Finally, a construction crew will assemble the modules to bring your entire home together.

Unlike site-built homes, modular homes can be built in as little as 2-6 months.

One reason for this is because a modular home builder does not have to wait for your foundation to be built before they can begin constructing your home. Your foundation and your home can be constructed at the same time.

Here is a helpful graphic so you can see the difference in the construction process.


As you can see, the first two steps in the home building process are the same for both home types. However, there is a departure once site prep and foundation work begin.

Site-built construction can't begin until a foundation is laid, whereas a modular home is built while the foundation is laid.

On top of this, weather is less likely to delay your project’s timeline because the entire process takes place indoors. Thanks to an efficient, indoor factory-building method, your home builder can give you more accurate dates for when your home will be finished.

Manufactured construction

Commonly known as mobile homes, manufactured homes can be bought as a single-wide, double-wide, or triple-wide.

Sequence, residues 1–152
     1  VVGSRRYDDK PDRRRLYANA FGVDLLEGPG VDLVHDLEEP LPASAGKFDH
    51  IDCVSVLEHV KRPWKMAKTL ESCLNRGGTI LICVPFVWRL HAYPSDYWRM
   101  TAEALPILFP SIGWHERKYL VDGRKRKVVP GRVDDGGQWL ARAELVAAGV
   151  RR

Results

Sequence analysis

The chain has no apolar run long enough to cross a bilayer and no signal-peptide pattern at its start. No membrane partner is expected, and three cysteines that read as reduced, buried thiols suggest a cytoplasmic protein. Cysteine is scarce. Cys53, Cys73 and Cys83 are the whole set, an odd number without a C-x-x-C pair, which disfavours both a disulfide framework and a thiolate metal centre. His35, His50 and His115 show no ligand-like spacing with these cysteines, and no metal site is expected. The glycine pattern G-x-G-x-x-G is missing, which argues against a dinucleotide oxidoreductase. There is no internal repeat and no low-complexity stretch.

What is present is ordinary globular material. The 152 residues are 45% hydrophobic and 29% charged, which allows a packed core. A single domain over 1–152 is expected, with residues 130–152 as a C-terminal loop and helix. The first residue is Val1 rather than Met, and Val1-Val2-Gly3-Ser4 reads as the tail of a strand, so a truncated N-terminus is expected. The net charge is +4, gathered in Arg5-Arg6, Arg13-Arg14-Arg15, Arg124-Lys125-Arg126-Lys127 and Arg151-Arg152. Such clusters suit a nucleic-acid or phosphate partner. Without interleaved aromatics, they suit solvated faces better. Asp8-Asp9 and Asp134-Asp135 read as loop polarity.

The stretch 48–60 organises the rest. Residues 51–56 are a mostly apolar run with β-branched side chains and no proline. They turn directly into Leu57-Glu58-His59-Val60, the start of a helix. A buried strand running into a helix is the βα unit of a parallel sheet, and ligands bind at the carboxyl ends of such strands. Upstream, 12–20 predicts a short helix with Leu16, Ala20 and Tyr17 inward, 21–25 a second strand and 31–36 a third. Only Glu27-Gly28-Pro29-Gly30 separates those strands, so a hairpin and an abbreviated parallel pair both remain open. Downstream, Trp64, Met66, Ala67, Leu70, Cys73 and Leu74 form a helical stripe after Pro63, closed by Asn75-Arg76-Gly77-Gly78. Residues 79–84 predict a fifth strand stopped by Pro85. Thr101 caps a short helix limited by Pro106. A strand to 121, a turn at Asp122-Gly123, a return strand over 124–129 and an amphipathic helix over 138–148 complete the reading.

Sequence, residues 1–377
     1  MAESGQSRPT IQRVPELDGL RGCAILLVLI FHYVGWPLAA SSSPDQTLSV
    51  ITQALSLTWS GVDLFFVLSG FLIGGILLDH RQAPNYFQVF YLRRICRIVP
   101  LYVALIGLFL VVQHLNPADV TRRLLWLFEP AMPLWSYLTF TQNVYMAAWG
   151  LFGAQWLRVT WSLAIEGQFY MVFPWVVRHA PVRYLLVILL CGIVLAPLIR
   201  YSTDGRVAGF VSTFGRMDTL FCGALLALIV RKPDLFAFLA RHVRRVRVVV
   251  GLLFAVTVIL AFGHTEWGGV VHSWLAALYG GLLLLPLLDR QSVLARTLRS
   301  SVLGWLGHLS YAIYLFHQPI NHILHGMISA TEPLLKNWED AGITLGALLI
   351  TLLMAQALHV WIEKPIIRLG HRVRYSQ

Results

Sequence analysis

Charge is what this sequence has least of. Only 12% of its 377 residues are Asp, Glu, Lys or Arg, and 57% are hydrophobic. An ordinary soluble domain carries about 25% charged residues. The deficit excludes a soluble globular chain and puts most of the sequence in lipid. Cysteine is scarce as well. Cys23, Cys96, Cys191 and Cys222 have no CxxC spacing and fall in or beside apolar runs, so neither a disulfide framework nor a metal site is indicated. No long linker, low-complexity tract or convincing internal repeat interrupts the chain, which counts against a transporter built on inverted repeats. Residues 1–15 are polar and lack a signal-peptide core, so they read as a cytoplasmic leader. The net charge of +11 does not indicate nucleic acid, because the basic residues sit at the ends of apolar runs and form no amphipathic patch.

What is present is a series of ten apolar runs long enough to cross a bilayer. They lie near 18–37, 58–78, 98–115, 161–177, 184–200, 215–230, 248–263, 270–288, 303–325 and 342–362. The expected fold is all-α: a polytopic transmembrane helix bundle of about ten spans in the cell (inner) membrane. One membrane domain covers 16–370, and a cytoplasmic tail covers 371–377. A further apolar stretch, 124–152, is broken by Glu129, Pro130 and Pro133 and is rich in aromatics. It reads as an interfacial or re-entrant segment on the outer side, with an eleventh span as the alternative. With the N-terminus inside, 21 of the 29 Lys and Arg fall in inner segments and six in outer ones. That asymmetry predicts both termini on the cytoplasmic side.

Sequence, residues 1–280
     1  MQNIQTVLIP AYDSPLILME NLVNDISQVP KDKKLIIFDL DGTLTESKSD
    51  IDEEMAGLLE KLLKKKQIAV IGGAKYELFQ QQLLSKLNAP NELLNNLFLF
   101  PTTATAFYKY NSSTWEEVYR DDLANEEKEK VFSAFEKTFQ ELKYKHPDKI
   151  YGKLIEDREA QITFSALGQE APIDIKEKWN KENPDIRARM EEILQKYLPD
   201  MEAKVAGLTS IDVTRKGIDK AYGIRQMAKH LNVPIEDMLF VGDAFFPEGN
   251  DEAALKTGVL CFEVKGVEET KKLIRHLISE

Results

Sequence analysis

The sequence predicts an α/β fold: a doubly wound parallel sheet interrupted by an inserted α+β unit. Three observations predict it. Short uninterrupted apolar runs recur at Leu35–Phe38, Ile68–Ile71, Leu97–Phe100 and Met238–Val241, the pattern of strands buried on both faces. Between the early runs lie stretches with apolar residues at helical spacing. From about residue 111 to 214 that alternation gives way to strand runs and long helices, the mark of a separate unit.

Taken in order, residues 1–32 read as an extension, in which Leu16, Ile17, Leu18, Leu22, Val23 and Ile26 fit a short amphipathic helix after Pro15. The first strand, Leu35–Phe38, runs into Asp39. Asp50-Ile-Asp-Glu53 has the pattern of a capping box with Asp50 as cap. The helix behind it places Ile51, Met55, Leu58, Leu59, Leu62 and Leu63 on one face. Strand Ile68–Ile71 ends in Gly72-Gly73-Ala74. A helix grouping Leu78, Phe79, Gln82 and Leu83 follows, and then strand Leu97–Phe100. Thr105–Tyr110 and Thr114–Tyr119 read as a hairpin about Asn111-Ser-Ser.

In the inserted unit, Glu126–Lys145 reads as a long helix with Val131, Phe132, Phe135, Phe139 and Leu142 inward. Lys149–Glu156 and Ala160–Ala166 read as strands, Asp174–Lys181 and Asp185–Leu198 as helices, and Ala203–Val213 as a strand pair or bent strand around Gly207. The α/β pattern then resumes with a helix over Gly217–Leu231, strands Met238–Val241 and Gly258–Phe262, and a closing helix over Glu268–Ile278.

Manufactured homes, like modular homes, are constructed entirely indoors in a factory. The completed sections are then delivered to the buyer's property and assembled by a construction crew.

However, manufactured homes are not required to be set on a permanent foundation (such as a crawlspace or basement), but they can be. This is a manufactured home’s biggest difference when compared to a modular or site-built home.

Instead of being built on a permanent foundation, manufactured homes have a permanent steel frame as part of the floor structure.

With the steel frame, the manufactured home can be set on concrete piers, which create solid footings with considerably less cost. Because the home is built to be moved if necessary, it can be moved somewhere else in the future.